On the night, we discussed the theme, 'Service Design from Scratch.'
And our awesome speakers on the night, were as follows:
Dr James Munro and Paul Hodgkin of Patient Opinion, a not-for-profit social enterprise that lets people share healthcare stories and experiences to help improve the UK's NHS (National Health Service).
Zaeem Maqsood of First Capital a venture capital investment company who told us what it took to invest in a good idea.
Sophia Parker (The Resolution Foundation) and Katie Harris (Esro) who spoke about their experiences of starting up The Social Innovation Lab for Kent with Engine Service Design and Kent County Council.
Jaimes Nel (Live|work and fellow coordinator of Service Design Drinks and Thinks) who did a short presentation on my local take-away coffee shop, Grace St Pauls (who also just launched a new website this month) which has been delivering amazing customer service since it opened its doors in late 2008.
Nick Marsh (of EMC Conchango and fellow coordinator of Service Design Drinks and Thinks) hosted the night and also published his reflections and films (taken by Jaimes) of the presentations on his blog here.
Yesterday, while sifting through some papers, I finally found my notes from the night! Had lost them for awhile. If you are interested in knowing more about the themes I captured on the night, let me know and I can do another post shortly.
Otherwise, Nick has outlined reflections from the panel discussion that happened at the end of all the presentations. He blogged these to be:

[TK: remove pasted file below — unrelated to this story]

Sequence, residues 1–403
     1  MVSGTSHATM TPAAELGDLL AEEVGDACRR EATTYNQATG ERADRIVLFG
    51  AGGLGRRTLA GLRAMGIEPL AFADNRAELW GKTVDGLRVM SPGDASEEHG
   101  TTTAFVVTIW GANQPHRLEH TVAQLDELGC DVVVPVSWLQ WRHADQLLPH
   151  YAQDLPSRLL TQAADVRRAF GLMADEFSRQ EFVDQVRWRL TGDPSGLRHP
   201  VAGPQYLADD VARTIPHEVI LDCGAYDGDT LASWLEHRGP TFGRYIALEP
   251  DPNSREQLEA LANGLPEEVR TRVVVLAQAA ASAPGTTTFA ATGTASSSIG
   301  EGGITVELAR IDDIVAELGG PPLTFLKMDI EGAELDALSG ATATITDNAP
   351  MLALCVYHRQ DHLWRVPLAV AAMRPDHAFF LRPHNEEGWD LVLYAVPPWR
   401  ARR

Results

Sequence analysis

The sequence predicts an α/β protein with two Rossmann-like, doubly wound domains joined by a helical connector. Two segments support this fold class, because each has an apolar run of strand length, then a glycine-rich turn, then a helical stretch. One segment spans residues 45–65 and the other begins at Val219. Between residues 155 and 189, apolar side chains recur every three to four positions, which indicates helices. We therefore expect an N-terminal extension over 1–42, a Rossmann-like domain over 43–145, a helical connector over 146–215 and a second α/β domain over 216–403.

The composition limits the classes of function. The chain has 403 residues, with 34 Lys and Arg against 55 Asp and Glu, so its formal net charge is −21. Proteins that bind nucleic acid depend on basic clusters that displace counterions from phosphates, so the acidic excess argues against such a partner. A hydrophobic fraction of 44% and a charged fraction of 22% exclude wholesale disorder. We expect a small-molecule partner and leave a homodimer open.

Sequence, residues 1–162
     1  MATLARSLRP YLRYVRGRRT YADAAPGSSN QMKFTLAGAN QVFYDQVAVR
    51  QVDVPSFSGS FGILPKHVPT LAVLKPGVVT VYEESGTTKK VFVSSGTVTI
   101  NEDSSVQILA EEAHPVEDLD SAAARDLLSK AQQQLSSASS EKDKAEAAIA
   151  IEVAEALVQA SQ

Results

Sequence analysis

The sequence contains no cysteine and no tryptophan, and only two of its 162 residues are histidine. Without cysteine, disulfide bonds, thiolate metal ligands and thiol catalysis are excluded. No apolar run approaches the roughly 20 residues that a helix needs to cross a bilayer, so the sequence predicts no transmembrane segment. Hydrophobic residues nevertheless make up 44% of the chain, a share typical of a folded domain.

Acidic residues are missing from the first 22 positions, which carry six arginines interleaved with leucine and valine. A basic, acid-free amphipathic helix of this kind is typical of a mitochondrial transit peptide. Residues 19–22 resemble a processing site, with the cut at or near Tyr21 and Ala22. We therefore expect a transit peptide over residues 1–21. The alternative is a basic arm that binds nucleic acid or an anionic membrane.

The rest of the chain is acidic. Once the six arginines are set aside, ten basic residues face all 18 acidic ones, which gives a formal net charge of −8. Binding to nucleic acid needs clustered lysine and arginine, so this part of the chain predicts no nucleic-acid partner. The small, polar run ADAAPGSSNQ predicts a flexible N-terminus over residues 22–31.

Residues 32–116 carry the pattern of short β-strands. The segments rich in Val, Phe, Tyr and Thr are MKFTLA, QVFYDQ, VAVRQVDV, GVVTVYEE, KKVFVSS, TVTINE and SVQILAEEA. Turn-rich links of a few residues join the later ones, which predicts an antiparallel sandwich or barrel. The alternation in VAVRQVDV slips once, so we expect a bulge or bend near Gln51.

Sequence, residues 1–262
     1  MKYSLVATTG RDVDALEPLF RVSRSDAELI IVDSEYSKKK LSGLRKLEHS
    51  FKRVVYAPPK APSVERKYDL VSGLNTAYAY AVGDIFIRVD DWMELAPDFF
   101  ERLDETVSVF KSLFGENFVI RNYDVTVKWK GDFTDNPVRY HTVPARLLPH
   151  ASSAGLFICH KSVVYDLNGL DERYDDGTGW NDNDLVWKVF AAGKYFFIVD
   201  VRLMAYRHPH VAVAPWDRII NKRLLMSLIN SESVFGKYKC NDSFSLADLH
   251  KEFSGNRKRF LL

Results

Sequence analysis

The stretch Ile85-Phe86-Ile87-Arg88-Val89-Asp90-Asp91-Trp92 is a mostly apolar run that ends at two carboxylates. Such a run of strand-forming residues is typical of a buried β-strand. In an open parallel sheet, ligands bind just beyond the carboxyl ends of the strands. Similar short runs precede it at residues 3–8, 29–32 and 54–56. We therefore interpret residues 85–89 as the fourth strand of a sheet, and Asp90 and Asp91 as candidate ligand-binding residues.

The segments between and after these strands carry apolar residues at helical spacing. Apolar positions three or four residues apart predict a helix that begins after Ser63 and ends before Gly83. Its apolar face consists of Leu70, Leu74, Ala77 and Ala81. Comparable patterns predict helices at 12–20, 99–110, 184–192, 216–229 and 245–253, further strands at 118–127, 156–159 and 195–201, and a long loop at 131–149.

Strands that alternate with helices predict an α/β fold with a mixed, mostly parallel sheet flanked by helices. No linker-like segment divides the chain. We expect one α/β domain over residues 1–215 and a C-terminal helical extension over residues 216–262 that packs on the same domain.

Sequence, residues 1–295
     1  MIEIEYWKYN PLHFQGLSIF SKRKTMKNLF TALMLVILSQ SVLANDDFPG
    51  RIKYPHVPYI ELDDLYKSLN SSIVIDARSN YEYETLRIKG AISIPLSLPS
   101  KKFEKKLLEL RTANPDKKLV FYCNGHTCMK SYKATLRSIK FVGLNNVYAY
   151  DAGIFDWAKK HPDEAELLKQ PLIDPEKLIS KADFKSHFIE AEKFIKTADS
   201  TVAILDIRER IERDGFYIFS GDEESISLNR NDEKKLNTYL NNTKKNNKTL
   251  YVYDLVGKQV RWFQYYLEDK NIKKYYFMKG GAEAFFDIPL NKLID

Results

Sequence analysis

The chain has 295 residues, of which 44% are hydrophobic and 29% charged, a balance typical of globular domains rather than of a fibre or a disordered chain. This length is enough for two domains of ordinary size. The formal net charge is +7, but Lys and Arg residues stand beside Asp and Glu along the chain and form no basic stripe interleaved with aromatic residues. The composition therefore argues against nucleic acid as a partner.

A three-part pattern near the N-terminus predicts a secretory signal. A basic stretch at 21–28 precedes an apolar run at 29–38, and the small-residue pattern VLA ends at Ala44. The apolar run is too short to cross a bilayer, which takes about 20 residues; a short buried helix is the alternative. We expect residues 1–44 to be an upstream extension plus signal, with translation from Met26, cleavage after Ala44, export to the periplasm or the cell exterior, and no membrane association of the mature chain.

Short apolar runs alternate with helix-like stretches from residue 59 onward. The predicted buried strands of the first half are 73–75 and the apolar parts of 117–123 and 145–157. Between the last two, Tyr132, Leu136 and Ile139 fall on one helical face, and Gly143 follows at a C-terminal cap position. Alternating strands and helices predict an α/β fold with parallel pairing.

- The role of planning - a lot of service design practice is about planning, but when you are starting up, most people talk about the need to be agile and change plans quickly.
- Sector specific knowledge - service design is generally sector agnostic, and deliberately 'naive' - 'we just focus on the customer', and yet successful startup services tend to rely on having experienced, knowledgeable individuals who really understand say, health care, or coffee.
- Personal risk - service designers working in agencies don't have any 'skin in the game', yet taking a personal risk seems to be an important part of making a start up successful.
- It doesn't stop - service designers, like all designers, like designing things - documentation, specifications, deliverables etc. But when you are running a new service business it just doesn't stop! There is no deliverable or design really, just the effective operation and growth of the organisation. (from Choosenick, 11 April 2010)